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Free Speech / Defusing Stress

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Date Host George Noory
Guests Dr. Michael Shermer, Dr. Laurie Nadel

In the first half, author and skeptic, Michael Shermer, discussed why free speech is the foundation of a free society as outlined by the First Amendment. We should counter hate speech with free speech and not censorship, and controversial thinkers must be given their due and not censored under any conditions for any reason, he argued. The moment you set up any suppression of speech or thought that is codified into laws and norms, "then, what's to stop that turning on you, when you become the minority position?" he pondered. For example, he pointed out how many Christians are happy to have laws slanted toward their religious views. But once you set up majority preferences like that, say in a century from now, if Muslims are the dominant religious population in America, the minority will be disfavored. "Wouldn't it be better to have the laws favor no religion at all?" he asked.

Shermer talked about defending the right of Holocaust deniers to speak (it is illegal in some countries for them to do so), even though he vehemently disagrees with them. We can always refute their arguments or ignore them, but the last thing we should do is censor them, he said. He related this to provocateurs and commentators like Milo Yiannopoulus and Ben Shapiro, who have been banned from lecturing on college campuses by liberals on the claims that they are propagating hate speech. Regarding the proliferation of "fake news," we have to allow it, he continued, as who will be the arbiters of what is real or not? In an interesting historical footnote, he detailed how back in the 19th-century, autocrats wanted to close down coffee houses because patrons of the cafes were gathering to talk about the government.

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In the latter half, author and psychotherapist Dr. Laurie Nadel addressed the acute stress plaguing so many people right now. Acute stress is what happens when we come face to face with mass fatality events, and the brain floods us with horror and helplessness. Symptoms are almost identical to PTSD (which had been declared a national epidemic back in June 2019), she reported. Signs of acute stress include fatigue, nausea, weakness, headaches, anxiety, fear, guilt, grief, irritability, and panic, and this can particularly apply to first responders, she cited. Further, the isolation and confinement during the pandemic are causing many to have the above symptoms, as well as outbursts of anger-- domestic violence rates have gone up, she noted.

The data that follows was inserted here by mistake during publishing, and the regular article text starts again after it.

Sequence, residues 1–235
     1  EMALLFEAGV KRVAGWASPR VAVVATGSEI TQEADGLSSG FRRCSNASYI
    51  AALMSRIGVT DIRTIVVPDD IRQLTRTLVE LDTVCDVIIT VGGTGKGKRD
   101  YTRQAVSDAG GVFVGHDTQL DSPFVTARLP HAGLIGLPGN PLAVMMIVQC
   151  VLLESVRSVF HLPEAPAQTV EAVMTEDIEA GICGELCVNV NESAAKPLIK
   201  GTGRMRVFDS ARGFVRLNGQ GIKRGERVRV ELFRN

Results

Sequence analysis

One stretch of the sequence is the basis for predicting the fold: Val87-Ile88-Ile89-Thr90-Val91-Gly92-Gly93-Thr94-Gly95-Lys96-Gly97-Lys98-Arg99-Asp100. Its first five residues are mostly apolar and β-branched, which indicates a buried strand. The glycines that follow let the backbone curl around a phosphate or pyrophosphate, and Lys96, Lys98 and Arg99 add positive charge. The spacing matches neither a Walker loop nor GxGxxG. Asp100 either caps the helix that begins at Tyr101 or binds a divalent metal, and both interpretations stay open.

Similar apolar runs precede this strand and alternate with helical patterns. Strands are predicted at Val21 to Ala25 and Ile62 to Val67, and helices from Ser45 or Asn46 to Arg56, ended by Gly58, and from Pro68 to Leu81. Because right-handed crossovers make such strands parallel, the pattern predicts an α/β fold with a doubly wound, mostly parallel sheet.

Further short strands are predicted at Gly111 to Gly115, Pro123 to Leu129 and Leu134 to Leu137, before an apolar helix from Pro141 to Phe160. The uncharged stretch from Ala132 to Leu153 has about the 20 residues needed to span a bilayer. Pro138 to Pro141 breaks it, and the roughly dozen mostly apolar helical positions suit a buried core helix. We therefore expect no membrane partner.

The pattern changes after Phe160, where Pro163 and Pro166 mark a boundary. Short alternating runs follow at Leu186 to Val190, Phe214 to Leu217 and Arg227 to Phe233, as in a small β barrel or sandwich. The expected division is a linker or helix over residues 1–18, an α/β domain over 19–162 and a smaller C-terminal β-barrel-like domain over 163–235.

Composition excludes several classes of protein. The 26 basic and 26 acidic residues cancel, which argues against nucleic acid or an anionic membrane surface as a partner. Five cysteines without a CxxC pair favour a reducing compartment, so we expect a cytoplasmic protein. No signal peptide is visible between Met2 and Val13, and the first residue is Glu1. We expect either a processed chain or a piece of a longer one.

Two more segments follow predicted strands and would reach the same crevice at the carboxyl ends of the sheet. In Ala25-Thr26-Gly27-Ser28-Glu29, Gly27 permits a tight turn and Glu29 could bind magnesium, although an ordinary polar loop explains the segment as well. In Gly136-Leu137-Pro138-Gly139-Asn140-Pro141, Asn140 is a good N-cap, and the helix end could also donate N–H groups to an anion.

Some stress signs like a dry cough can be mistaken for COVID-19 symptoms, she cautioned. There are three aspects to a lingering trauma like the pandemic that can threaten our survival, she listed-- the loss of control, the loss of safety, and the loss of identity. These can take a big toll on our psyche, she added. We are in the midst of a spiritual emergency or crisis for the planet, Nadel remarked, emphasizing the importance of de-stressing through meditative techniques or relaxation exercises. She recommends turning your phone off for an hour a day, finding time for inner calmness, and tracking moments of happiness. During this crisis, she is offering complimentary 15-minute "emotional first aid" sessions that can be scheduled via her website.

News segment guests: Lauren Weinstein, Steve Kates

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